Gainsborough’s Family Album

Intimate family portraits by a “likeness man” impress John Westbrooke

Self Portrait, c1758-9 © National Portrait Gallery

Self Portrait, c1758-9 © National Portrait Gallery

The Artist with his Wife Margaret and Eldest Daughter Mary, c1748 © National Gallery London

The Artist with his Wife Margaret and Eldest Daughter Mary, c1748 © National Gallery London

Mary and Margaret Gainsborough, the Artist's Daughters, Playing with a Cat c1760 © National Gallery London

Mary and Margaret Gainsborough, the Artist's Daughters, Playing with a Cat c1760 © National Gallery London

Mary and Margaret Gainsborough, c 1774, Private Collection

Mary and Margaret Gainsborough, c 1774, Private Collection

Margaret Gainsborough, the Artist's Wife, c1777, Courtauld Gallery London

Margaret Gainsborough, the Artist's Wife, c1777, Courtauld Gallery London

Mary and Margaret Gainsborough, the Artist's Daughters, Chasing a Butterfly © National Gallery London

Mary and Margaret Gainsborough, the Artist's Daughters, Chasing a Butterfly © National Gallery London

Thomas Gainsborough was one of the foremost portrait painters in 18th-century England, though he didn’t really want to be. He preferred landscapes, but they didn’t sell, so his best known works now are mostly depictions of high society figures.

The National Portrait Gallery’s new exhibition highlights not these, however, but the unusual number of paintings he made of his extended family – himself and his wife Margaret, their children, siblings and niblings, servants and dogs. We watch them grow up, grow rich and grow old over 30 years.

The first one you see is the least typical: a young couple and their little girl, sitting in woodland. It looks like some of his later work, such as “Mr and Mrs Andrews”, similarly a well-to-do couple with gun and dog, outside on their family estate.

But it’s misleading. Gainsborough was born in Sudbury, Suffolk, in 1727 to a clothier who went bust, became a postmaster and received support from a well-off nephew (family was already proving important). He went to London as early as 1740 – with a legacy from an uncle – as apprentice to artists, and had his own studio when he was only 16. He married Margaret Burr, illegitimate daughter of a duke, who settled £200 a year on her. They’re only 20 in the painting; their little girl, Mary, was added later, but died when she was only a year old.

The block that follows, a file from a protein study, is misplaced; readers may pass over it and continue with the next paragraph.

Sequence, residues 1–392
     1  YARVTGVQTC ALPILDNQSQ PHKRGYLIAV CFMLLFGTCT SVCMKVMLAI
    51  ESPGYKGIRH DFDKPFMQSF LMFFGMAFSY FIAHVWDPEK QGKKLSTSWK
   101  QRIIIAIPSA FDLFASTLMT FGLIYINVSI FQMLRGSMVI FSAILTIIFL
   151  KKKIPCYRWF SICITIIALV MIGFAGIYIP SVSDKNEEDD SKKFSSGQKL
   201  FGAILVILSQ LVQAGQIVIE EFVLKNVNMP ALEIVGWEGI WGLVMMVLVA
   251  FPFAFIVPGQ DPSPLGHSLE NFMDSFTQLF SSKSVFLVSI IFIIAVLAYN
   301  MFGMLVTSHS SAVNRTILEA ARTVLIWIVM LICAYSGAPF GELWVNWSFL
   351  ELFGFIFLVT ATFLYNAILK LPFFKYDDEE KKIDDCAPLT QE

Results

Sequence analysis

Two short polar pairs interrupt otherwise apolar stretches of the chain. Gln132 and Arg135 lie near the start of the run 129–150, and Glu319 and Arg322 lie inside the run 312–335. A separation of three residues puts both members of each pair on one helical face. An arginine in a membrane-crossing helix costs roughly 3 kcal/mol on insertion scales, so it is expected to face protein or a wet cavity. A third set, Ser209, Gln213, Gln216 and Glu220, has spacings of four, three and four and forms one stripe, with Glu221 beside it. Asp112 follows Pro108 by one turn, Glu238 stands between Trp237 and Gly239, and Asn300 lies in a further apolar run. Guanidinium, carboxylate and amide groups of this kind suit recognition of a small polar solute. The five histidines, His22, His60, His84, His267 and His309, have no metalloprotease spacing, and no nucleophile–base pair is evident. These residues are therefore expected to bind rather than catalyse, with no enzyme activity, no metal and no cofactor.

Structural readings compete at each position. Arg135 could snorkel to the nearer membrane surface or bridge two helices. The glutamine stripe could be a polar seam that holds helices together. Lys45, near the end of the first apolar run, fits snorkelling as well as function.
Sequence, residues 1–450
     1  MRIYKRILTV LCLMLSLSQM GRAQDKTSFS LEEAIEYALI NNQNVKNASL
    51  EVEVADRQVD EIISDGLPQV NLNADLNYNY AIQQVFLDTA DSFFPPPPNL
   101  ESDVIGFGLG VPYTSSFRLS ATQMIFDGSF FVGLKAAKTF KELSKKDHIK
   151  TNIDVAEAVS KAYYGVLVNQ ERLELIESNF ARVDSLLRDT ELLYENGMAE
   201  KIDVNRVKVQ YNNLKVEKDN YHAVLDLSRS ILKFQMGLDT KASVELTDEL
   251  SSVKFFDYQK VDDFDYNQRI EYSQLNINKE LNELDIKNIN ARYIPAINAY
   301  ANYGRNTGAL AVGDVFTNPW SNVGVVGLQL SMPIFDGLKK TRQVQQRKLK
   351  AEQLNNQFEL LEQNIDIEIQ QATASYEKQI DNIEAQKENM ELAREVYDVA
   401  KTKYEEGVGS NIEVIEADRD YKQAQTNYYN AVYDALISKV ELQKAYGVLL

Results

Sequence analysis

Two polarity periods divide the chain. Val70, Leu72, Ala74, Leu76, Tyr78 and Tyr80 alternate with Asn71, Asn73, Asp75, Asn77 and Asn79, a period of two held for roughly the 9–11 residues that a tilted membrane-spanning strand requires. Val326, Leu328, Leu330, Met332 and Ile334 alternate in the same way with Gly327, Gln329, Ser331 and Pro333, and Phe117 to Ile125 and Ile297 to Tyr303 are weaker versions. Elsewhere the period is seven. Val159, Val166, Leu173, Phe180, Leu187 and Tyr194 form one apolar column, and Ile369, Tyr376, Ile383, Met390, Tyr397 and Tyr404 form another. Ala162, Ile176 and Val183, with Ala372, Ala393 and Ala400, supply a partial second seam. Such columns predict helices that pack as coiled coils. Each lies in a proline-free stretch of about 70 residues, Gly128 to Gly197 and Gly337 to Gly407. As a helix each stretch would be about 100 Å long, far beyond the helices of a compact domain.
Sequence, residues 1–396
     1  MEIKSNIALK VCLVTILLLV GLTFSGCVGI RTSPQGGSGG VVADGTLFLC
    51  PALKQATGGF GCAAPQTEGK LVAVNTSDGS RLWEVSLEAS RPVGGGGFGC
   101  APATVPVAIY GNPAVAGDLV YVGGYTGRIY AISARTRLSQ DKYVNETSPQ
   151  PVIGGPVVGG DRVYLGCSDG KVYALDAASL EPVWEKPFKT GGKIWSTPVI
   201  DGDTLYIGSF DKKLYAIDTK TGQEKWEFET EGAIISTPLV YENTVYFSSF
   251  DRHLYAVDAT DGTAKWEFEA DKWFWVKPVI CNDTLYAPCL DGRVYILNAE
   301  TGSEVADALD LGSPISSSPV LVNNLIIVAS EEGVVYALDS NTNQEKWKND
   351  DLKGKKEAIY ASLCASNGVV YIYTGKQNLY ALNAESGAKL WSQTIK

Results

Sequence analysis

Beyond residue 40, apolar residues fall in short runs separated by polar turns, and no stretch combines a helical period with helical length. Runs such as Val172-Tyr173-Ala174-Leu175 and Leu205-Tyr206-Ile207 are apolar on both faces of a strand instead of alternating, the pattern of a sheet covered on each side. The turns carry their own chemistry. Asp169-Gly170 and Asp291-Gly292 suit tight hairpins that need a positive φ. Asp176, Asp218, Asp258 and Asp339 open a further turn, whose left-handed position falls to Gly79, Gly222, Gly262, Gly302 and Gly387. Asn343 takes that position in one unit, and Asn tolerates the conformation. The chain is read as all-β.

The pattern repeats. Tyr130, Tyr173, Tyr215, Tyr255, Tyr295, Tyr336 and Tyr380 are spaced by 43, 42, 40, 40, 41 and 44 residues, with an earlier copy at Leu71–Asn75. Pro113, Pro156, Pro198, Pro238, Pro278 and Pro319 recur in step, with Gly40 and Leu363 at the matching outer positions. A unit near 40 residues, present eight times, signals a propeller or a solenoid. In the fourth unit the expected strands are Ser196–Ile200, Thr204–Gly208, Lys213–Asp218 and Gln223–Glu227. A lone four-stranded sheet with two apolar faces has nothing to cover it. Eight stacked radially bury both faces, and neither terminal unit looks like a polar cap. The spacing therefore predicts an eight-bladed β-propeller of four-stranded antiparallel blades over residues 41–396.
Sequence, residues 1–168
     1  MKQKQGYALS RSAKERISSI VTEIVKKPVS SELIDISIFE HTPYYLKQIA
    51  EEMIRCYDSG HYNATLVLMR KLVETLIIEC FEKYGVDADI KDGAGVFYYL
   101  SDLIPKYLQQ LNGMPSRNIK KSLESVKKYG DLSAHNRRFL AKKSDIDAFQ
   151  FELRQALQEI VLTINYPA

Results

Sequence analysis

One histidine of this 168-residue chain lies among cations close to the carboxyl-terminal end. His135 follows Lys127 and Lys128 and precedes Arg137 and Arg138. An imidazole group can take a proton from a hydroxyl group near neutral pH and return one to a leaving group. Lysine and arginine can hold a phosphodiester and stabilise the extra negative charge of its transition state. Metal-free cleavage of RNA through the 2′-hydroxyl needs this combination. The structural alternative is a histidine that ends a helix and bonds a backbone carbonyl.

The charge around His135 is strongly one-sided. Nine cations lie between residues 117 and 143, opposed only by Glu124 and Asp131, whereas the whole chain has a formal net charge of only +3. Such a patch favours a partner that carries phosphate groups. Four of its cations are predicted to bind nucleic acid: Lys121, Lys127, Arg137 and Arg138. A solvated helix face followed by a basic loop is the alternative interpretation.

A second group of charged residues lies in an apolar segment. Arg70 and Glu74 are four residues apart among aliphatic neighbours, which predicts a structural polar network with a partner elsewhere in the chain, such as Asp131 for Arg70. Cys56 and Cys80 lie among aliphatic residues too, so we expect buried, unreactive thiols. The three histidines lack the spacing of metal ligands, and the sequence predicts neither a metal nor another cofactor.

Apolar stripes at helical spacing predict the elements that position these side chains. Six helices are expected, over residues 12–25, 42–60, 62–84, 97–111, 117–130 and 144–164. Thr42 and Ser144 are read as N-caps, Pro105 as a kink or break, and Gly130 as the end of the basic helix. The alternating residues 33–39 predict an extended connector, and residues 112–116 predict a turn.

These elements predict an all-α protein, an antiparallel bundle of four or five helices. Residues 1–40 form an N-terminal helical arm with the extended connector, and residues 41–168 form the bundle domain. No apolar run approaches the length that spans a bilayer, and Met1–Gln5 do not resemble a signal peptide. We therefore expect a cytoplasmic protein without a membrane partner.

They didn’t have a country estate, either; the painting was done in some green corner of London. But Gainsborough was always keen to demonstrate that he was as upmarket as any of the rich clientele he hoped to attract – and that’s what he became.

He returned for a while to Sudbury, and had two more daughters, Mary and Margaret, then tried his luck in Ipswich, and then in rich and cosmopolitan Bath, where he was very successful indeed.

We don’t really know why he produced 50-odd family portraits over the years, more than any other artist had, but it may have been partly because he realised he’d have to work on more or less life-size faces and needed to practise. There were no more portraits of him and his wife together, but he produced many of his daughters; we watch them growing in the course of the exhibition through paintings that are so immediate and intimate they could be photos.

In 1756, in one of his most charming works, Margaret’s reaching out to a butterfly while Mary more cautiously holds her back, perhaps because it’s about to land on a barely visible thistle, or perhaps because Mary’s just more cautious. In 1760 Mary embraces Margaret, who’s holding a cat (also hard to see) from behind. About the same year, Mary adjusts something in Margaret’s hair, though this double portrait has been cut in two, then reassembled oddly. They were for family consumption, not for sale, so they were mostly unfinished, but the faces are fully worked.